since the early 80's. Unfortunately by the time I could afford his paintings,

the prices had skyrocketed out of my reach once again....lol


Looks like a fun event and a great chance to see a large number of art pieces

all in one place. It's definitely on my radar for next year.

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What an interesting post. I just spend several days at the Pennsylvania Academy of Fine Arts (PAFA) listening to critiques of masters degree candidates. I shall save your comments, and search the Internet for paintings by the artists whom you mention (the ones I am not aware of).


But, I am stuck in the past in some ways. I am seeing the new Barnes Foundation building & paintings tomorrow.


Thank you for taking the time to write such useful information.

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playwrestler: I go to these fairs to see and enjoy additional works by artists I know and enjoy, but for whom I can see but a single artwork in any museum. I always meet and learn about some new-to-me artists, this year for example, Beatriz Milhazes of Brazil, Winold Reiss of the U.S., and the Belgian artist Wim Delvoye. But "no" as to new up-and-coming artists. I saw interesting works by a number of new young artists in the galleries of Wynwood, the area where Art Miami is held; but none were strong enough yet to have me memorize their names.


nycman: The Claudio Bravo paintings included a triptych of three wrapped package paintings as well as a splendid still life of four squash vegetables.


William: Had you been to the old Barnes Foundation? It would be interesting to read your reactions to and evaluation of the new Barnes. Try and not be influenced by what you know ahead of time and just react to the new environment. You are fairly close to the new Yale U Galleries, which are opening this week. They claim to be the largest and best college art gallery in the world, so it would be very interesting to hear a report by an observer. I may have to try that next spring.

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Had you been to the old Barnes Foundation? It would be interesting to read your reactions to and evaluation of the new Barnes. Try and not be influenced by what you know ahead of time and just react to the new environment.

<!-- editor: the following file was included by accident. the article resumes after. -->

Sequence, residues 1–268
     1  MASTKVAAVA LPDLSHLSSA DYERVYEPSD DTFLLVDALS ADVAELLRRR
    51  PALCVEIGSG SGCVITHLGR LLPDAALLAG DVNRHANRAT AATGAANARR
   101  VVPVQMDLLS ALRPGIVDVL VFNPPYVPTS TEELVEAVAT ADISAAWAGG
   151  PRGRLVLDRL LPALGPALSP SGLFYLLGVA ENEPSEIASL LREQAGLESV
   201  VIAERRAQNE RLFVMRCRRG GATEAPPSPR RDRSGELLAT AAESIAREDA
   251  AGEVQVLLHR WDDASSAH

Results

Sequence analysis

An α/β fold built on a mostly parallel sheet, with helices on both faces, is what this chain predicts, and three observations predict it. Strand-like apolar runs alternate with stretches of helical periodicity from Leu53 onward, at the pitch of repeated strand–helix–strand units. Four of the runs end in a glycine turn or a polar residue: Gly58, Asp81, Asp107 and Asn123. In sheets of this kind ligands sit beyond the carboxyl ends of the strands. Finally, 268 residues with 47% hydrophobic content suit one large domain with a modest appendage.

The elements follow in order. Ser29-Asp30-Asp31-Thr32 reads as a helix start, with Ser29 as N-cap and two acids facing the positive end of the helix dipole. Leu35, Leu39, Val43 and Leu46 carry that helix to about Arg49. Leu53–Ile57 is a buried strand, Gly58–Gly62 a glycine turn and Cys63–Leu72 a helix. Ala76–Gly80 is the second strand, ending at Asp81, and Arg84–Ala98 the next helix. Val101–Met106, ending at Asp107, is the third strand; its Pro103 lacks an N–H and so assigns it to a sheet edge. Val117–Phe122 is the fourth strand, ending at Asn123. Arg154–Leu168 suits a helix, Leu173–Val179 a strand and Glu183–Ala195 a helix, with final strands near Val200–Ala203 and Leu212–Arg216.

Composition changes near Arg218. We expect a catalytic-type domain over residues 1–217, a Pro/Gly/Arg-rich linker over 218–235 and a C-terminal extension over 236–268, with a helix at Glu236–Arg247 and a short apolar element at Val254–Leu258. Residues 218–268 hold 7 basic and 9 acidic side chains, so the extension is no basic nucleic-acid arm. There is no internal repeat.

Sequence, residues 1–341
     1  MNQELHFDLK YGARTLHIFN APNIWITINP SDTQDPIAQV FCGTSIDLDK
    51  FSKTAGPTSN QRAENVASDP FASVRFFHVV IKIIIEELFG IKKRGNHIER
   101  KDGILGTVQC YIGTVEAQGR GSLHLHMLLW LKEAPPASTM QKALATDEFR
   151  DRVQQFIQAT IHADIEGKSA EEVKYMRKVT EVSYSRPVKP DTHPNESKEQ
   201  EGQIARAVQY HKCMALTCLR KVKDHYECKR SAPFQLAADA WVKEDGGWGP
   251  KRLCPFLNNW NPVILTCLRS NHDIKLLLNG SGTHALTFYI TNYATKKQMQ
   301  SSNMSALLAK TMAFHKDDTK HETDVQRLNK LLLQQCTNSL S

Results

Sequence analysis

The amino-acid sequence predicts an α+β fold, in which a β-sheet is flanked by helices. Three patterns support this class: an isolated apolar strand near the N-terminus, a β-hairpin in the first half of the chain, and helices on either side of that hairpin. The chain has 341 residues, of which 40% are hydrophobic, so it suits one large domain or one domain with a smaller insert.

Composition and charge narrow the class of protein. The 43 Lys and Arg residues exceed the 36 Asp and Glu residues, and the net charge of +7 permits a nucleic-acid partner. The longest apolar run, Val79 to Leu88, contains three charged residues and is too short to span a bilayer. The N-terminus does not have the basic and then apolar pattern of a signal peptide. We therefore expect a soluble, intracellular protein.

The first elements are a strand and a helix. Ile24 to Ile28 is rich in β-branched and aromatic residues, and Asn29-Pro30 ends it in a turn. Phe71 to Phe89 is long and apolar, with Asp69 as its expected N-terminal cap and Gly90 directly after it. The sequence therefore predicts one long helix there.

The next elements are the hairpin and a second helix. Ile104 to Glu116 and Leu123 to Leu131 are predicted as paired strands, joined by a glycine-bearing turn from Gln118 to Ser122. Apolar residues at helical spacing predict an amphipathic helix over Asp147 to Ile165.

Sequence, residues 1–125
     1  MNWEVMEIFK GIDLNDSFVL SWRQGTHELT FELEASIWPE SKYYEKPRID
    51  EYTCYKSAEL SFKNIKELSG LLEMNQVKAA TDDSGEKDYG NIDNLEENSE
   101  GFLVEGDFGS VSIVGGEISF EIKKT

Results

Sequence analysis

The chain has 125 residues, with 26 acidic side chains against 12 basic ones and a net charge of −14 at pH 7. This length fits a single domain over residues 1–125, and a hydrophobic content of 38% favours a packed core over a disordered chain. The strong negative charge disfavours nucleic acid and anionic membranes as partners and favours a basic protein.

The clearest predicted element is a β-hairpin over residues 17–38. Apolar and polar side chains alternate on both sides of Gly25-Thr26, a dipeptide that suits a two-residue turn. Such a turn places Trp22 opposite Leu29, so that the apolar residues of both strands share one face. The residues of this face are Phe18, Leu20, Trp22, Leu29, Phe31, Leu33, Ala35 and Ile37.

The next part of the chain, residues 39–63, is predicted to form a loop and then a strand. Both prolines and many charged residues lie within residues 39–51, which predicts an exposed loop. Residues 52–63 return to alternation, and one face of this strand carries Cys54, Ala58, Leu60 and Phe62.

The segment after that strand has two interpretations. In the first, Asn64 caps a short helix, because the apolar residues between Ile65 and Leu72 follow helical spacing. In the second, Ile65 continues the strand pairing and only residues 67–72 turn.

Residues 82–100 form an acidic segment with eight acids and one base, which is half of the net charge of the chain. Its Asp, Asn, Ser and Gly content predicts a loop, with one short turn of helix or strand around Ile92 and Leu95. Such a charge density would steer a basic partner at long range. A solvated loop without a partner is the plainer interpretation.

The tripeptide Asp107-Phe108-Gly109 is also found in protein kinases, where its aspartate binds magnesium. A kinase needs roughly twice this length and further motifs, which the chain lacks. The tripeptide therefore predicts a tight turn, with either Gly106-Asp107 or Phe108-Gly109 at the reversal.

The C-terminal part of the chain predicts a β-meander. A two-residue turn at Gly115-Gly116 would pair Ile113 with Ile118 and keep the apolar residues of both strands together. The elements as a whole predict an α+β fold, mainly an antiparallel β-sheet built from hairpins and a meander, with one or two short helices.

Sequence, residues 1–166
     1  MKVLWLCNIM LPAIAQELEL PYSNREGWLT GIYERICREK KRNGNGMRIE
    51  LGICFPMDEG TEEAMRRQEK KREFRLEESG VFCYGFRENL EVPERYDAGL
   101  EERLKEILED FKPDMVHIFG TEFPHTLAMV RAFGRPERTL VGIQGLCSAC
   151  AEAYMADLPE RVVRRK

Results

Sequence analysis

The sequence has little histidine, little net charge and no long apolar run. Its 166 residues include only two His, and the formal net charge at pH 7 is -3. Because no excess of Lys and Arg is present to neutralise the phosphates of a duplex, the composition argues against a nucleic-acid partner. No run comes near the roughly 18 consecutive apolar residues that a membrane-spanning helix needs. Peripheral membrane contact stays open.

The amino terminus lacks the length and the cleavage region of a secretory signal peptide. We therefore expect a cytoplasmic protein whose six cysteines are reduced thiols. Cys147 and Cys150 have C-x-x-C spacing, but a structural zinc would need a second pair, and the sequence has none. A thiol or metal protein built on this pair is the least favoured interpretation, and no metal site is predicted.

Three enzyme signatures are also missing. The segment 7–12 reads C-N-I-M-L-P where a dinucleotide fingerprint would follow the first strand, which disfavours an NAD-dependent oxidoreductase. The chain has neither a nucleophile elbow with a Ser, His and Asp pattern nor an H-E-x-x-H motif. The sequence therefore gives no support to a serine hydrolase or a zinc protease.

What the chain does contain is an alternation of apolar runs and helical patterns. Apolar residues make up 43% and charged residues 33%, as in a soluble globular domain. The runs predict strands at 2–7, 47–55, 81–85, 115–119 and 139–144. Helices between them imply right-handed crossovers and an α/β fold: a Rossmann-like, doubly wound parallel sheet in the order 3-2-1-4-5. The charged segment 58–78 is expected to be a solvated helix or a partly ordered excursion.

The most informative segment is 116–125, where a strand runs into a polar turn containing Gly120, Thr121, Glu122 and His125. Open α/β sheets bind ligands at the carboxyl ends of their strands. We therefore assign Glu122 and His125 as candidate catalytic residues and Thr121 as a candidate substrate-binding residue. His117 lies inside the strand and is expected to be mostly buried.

Yes, I visited the Barnes Foundation in Lower Merion many times. It was not always a good experience because the staff was not particularly friendly. Of course, the excellence of the paintings (100s of Renior, Cezanne and Matisse paintings) made up for their behavior.


I live just a few blocks for the new Barnes (5 minutes away), today was my third visit. The lighting is a huge improvement; it's direct, but mostly indirect lighting. So all the paintings can now be seen to full advantage. I am particularly impressed by the old masters; paintings that I barely noticed before. I am working my way through five or six rooms a visit. I could be a lot more specific, but people just need to know the new Barnes is on the same level as The Philadelphia Museum of Art, just a few blocks away. I plan to visit again next Monday. Warning: You need tickets in advance, especially on weekend.


I never thought of visiting Yale. You are right it is not that far from Philadelphia. I may wait until the spring, or go sooner. I am very glad you mentioned the expanded galleries. I have never visited New Haven, except for football games.

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You are fairly close to the new Yale U Galleries, which are opening this week. They claim to be the largest and best college art gallery in the world, so it would be very interesting to hear a report by an observer. I may have to try that next spring.


Cannot wait. They were, even back when I was there ca. 1980. British Gallery to swoon over. Then at the modern across the street, when the docent wasn't looking, one time I touched Johns's White Flag. I ought to have been shot.

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Hate the new Barnes. It's lost all of its charm and improved lighting doesn't make up for that. Of course' date=' paintings were never intended to be seen under that kind of light anyway.[/quote']


I totally disagree. I visited the Barnes in Lower Merion many times. I shall never forget my last visit in May 2010. Some rooms were so dark you could barely see the Cezanne and Renior paintings---the core of the collection. It was extremely frustrating because I had invited friends who had wanted to see the famous collection for years. If there is a major museum in Europe, including Russia, that believes paintings were intended to be seen in such dark conditions, I have never visited that museum.


Finally, the paintings, medal objects and furniture are displayed in exactly the some way that Dr. Barnes required in Lower Merion. So the charm you mentioned was essentially the building and the location (and perhaps the restricted hours). It's is now a viable option for the average person, on a short visit to Philadelphia, to see the collection. That was Dr. Barnes' most basic goal.